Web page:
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Measles cases are on the rise: Here's what you should know

Photo by CDC on Unsplash

The Centers for Disease Control and Prevention has issued a Health Alert Network (HAN) Health Advisory to inform doctors and public health officials of an increase in measles cases across the United States – including in Missouri.

This advisory comes as the United States hits 58 confirmed cases of measles throughout the country since the beginning of the year– this number is already equal to the total number of confirmed cases in all of 2023.

According to the CDC, the majority of these cases have been linked to international travel and have been in children aged 12 months and older who had not received their measles-mumps-rubella (MMR) vaccine.

"Immunization. That is going to be the most effective way of preventing measles infection.”
Dr. Amruta Padhye

Dr. Amruta Padhye, a pediatric infectious diseases physician at University of Missouri Health Care, said the early signs of a measles infection can often be mistaken for the common cold or influenza. However, measles can also cause ear infections, pink eye, a rash that spreads across the body, and even, in rare cases, inflammation of the brain.

There can also be long term complications of the illness – like immune system amnesia, where the body’s ability to fight off future infections is impaired.

“Nine out of 10 people - susceptible people - who are exposed to one person with measles can get that infection,” Dr. Padhye said.

Padhye said the population of “susceptible” people is higher than in years past – as vaccination rates have been declining steadily. She said this became more evident during the COVID-19 pandemic, but parents are now also choosing to decline standard childhood immunizations.

According to the Missouri Department of Health & Senior Services, in the 2022 - 2023 school year, the rate of Missouri kindergarteners who had received their two MMR vaccines was 91.3%. This is compared to 95.4% in the 2016 -2017 school year.

“I would recommend to parents who have not vaccinated their kids for MMR to kind of think it through again, kind of look at the data,” Dr. Padhye said. “We know that, at least, you need a herd immunity of at least 95% people vaccinated to prevent ongoing transmission.”

Measles Cases and Outbreaks
Centers for Disease Control & Prevention

Measles is a highly contagious disease, but was declared “eliminated” in the United States in 2000. This means there is no widespread local transmission, though cases are still possible in limited numbers.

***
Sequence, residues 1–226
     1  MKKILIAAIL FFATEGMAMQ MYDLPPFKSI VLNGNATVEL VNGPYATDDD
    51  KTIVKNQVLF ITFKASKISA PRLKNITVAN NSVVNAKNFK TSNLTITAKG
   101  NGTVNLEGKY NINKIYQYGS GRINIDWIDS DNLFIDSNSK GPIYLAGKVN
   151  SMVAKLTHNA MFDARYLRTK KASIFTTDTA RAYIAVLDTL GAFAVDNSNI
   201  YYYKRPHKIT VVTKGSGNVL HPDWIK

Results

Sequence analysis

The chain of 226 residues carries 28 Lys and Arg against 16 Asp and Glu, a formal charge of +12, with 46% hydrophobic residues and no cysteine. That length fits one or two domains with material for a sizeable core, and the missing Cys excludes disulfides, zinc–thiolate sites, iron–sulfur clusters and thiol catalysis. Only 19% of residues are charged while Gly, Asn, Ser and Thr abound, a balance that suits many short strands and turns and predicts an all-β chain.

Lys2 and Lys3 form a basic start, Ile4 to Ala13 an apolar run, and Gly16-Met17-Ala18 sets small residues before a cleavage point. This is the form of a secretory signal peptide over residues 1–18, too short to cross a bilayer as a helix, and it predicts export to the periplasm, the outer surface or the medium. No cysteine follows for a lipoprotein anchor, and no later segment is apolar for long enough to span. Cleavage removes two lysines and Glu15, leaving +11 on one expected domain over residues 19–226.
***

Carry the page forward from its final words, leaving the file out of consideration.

The disease is spread through close contact and respiratory droplets, but can remain airborne for several hours – even after an infected person has left a room.

“This commonly affects the young children,” Dr. Padhye said. “So, we think about young infants, young school-going, you know - preschoolers, toddlers – if they have been unvaccinated. It can result in, since the elimination [of the disease], we talk about kind of… one in five cases of measles can result in hospitalization.”

She added while children are the most at risk, it can impact adults, especially those who are immunocompromised – such as those who have had an organ transplant or are undergoing cancer treatments.

Dr. Padhye said to make sure you are washing your hands regularly and using good hygiene protocols - like covering your cough or sneeze.

But at the end of the day, “most importantly, is immunization. That is going to be the most effective way of preventing measles infection,” Padhye said.

There is currently no specific data of how many cases have been confirmed in Missouri or where those cases have been reported. According to reporting from other organizations, there have been some in both the St. Louis and Kansas City regions.

Rebecca Smith is an award-winning reporter and producer for the KBIA Health & Wealth Desk. Born and raised outside of Rolla, Missouri, she has a passion for diving into often overlooked issues that affect the rural populations of her state – especially stories that broaden people’s perception of “rural” life.